Mass Engineered Design, Inc. et al v. 9X Media, Inc. et al

Filing 177

MEMORANDUM OPINION and ORDER denying motions. Before the court is Defendant Wall Street Trading Desks, Inc.s (WSTD) Motion and Memorandum to Dismiss [Dkt. No. 58], Defendant Targus, Inc.s (Targus) Motion and Memorandum to Dismiss Under Federal Rule 12(b)(3) [Dkt. No. 98], Defendant Ergotech Group, Inc.s (Ergotech) Motion and Memorandum to Dismiss Under Federal Rule 12(b (3) [Dkt. No. 106], Defendant Atdec Pty Ltd.s (Atdec) Motion and Memorandum to Dismiss Under Federal Rule 12(b)(3) [Dkt. No. 1 25], Defendant Grand Stands, Inc.s (Grand Stand) Motion and Memorandum to Dismiss Under Federal Rule 12(b)(3) [Dkt. No. 137]. The Court ORDERS that Plaintiffs have 60 days to conduct jurisdictional discovery. The Court DENIES the motions without prejudice to refiling after the conclusion of the jurisdictional discovery. Signed by Judge T. John Ward on 7/28/10. (ehs, )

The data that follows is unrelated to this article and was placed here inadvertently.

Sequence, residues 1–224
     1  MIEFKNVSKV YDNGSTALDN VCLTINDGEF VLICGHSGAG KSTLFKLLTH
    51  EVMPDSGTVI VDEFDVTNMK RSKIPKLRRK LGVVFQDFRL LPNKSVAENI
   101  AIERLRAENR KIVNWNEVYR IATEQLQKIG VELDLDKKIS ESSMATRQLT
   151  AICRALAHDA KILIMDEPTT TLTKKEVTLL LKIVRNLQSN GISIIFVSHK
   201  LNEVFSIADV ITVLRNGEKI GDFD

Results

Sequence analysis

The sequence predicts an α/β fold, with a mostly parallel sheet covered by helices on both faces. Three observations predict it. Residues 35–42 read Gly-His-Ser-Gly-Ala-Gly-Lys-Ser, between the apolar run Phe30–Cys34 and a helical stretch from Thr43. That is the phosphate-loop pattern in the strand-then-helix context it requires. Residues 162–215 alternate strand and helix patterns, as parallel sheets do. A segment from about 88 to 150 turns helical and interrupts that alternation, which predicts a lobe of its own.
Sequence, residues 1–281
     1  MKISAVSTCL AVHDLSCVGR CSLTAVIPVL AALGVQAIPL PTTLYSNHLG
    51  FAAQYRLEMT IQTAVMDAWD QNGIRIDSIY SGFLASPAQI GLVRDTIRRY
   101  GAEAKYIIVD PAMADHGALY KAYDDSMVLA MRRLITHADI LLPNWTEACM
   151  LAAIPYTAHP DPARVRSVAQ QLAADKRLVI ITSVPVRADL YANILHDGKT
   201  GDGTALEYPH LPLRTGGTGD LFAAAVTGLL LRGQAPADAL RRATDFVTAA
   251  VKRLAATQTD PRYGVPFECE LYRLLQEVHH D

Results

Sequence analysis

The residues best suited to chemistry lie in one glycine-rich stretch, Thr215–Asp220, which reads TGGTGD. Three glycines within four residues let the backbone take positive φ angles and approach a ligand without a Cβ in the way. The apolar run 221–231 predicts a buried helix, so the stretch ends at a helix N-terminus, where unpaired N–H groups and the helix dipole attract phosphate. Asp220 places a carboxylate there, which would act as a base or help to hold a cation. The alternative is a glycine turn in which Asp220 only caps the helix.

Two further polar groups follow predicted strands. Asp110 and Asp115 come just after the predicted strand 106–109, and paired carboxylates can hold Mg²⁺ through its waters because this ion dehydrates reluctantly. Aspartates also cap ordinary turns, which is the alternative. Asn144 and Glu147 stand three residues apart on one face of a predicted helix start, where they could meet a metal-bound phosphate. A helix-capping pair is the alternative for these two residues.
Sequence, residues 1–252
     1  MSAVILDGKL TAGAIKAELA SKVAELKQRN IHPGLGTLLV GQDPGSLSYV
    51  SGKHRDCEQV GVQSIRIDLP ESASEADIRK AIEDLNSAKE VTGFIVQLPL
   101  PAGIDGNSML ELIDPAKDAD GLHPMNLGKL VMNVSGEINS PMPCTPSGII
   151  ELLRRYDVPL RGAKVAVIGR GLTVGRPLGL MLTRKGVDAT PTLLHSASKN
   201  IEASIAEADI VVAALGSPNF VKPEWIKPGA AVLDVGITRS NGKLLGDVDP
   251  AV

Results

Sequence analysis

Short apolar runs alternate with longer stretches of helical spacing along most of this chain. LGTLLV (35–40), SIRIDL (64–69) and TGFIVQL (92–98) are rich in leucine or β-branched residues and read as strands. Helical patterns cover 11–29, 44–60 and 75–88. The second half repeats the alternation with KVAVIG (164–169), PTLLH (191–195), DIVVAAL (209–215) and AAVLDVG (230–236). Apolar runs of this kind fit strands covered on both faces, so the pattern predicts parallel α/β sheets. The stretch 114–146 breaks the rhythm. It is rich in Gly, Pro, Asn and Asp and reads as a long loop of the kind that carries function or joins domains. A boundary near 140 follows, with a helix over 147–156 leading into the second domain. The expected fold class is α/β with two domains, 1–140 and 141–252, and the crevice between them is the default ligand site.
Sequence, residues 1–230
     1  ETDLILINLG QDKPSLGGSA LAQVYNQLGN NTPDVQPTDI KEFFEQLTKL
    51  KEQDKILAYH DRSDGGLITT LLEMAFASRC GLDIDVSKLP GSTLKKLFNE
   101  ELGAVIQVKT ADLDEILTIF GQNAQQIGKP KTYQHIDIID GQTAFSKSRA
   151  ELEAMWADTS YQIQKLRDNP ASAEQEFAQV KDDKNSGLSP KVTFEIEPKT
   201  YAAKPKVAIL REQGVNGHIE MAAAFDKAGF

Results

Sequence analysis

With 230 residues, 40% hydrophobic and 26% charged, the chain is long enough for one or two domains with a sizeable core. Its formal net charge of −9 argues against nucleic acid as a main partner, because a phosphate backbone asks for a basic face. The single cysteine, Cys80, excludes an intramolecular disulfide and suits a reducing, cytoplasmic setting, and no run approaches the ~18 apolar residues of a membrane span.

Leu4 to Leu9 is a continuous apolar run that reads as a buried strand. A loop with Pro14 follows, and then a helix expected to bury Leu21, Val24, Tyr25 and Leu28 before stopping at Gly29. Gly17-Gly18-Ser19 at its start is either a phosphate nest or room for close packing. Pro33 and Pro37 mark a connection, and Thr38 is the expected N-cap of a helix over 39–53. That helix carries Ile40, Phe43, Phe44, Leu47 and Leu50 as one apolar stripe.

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Mass Engineered Design, Inc. et al v. 9X Media, Inc. et al Doc. 177 IN THE UNITED STATES DISTRICT COURT FOR THE EASTERN DISTRICT OF TEXAS MARSHALL DIVISION MASS ENGINEERING, INC., et al., Plaintiffs, v. 9X MEDIA, INC., et al., Defendant. CIVIL ACTION NO. 2-09-cv-358-TJW MEMORANDUM OPINION AND ORDER Pending before the court is Defendant Wall Street Trading Desks, Inc.'s ("WSTD") Motion and Memorandum to Dismiss [Dkt. No. 58], Defendant Targus, Inc.'s ("Targus") Motion and Memorandum to Dismiss Under Federal Rule 12(b)(3) [Dkt. No. 98], Defendant Ergotech Group, Inc.'s ("Ergotech") Motion and Memorandum to Dismiss Under Federal Rule 12(b)(3) [Dkt. No. 106], Defendant Atdec Pty Ltd.'s ("Atdec") Motion and Memorandum to Dismiss Under Federal Rule 12(b)(3) [Dkt. No. 125], Defendant Grand Stands, Inc.'s ("Grand Stand") Motion and Memorandum to Dismiss Under Federal Rule 12(b)(3) [Dkt. No. 137]. Having considered the parties arguments, the Court is of the opinion that the motions should be DENIED. I. Background Plaintiffs Mass Engineering Design, Inc. ("Mass") and Jerry Moscovitch (collectively, "Plaintiffs") bring this action for patent infringement against about thirty defendants, asserting a patent for a monitor stand that holds two displays. Defendant Wall Street Trading Desks, Inc. ("WSTD"), Defendant Targus, Inc. ("Targus"), Defendant Ergotech Group, Inc. ("Ergotech"), Defendant Atdec Pty Ltd. ("Atdec"), Defendant Grand Stands, Inc. ("Grand Stand") each file a motion to dismiss pursuant to Federal Rule of Civil Procedure 12(b)(3). WSTD is a North Carolina corporation with no facilities or operations in Texas. WSTD asserts that it has never Dockets.Justia.com sold or marketed any of its products, accused or unaccused, in the Eastern District of Texas. Targus is a New York corporation with a primary place of business in Anaheim, California and has no facilities or operations in Texas. Targus asserts that is sells its accused products to distributors, "none of whom reside in the Eastern District of Texas." Dkt. No. 98, Ex. 1. Atdec is an Australian Corporation with no facilities or operations in Texas. Atdec asserts that it has never marketed specifically to Texas and only 0.12% of all sales in the United States were to Texas customers. Ergotech is a New York corporation and has no facilities or operations in the Texas. Ergotech has eight independent resellers in Texas, but it claims that it has never sold any of the accused products to any customer or reseller in the Eastern District of Texas. Grand Stands is a California corporation and has no facilities or operations in Texas. Grand Stands sells its products through catalogs. Plaintiffs oppose these motions and request the opportunity to conduct jurisdictional discovery. II. Legal Standard "The Federal Circuit . . . holds that `[v]enue in a patent action against a corporate defendant exists wherever there is personal jurisdiction.'" Versata Software, Inc. v. Internet Brands, Inc., No. 2:08-cv-313, 2009 WL 316370 (citing Trintec Indus., Inc. v. Pedre Promotional Prods., Inc., 395 F.3d 1275, 1280 (Fed. Cir. 2005)). The Federal Circuit applies regional circuit law to district court decisions related to venue. See In re TS Tech USA Corp., 551 F.3d 1315, 1319 (Fed. Cir. 2008) (applying the Fifth Circuit's en banc Volkswagen decision to rulings on transfer motions out of this circuit). Federal Rule of Civil Procedure 12(b)(3) allows defendants to move for dismissal based on improper venue. FED. R. CIV. P. 12(b)(3). When a defendant objects to venue, the burden shifts to the plaintiff to establish that the district he chose is a proper venue. ATEN Intern. Co. Ltd. v. Emine Technology Co., Ltd., 261 F.R.D. 112, 120 (E.D. Tex. 2009). If there is no evidentiary hearing, a plaintiff may carry its burden by presenting facts, taken as true, that establish venue. Id. at 121. In a patent case, venue is proper "in the judicial district where the defendant resides, or where the defendant has committed acts of infringement and has a regular and established place of business." 28 U.S.C. 1400(b). "For purposes of venue . . . , a defendant that is a corporation shall be deemed to reside in any judicial district in which it is subject to personal jurisdiction at the time the action is commenced." 28 U.S.C. 1931(c). In a multi-district state like Texas, a corporation is "deemed to reside in any district within that State within which its contacts would be sufficient to subject it to personal jurisdiction if that district were a separate state." Id. That is, the Court can conclude that a defendant resides in the Eastern District of Texas only if the defendant would be subject to personal jurisdiction in the Eastern District of Texas if the Eastern District of Texas were a separate state. See 800 Adept, Inc. v. Enterprise Rent-A-Car, Co., 545 F. Supp. 2d 562, 569 (E.D. Tex. 2008). Under the second prong of 1400(b), venue is proper where both of the following conditions are met: the defendant has committed acts of infringement and has a place of business in the Eastern District of Texas. See 28 U.S.C. 1400(b). III. Analysis The Court does not have sufficient facts with which to rule on the pending motions. Plaintiffs are entitled to conduct jurisdictional discovery to determine the nature of Defendants' activities in the Eastern District of Texas. Plaintiffs should target their discovery to facts showing that Defendants' would be subject to personal jurisdiction in the Eastern District of Texas if the Eastern District of Texas were a separate state, or that Defendants have committed acts of infringement in the Eastern District of Texas while having a regularly established place of business in the Eastern District of Texas. The Court gives Plaintiffs 60 days from the date of this order to conduct jurisdictional discovery. IV. Conclusion The Court ORDERS that Plaintiffs have 60 days to conduct jurisdictional discovery. The Court DENIES the motions without prejudice to refiling after the conclusion of the jurisdictional discovery. It is SO ORDERED. SIGNED this 28th day of July, 2010. __________________________________________ T. JOHN WARD UNITED STATES DISTRICT JUDGE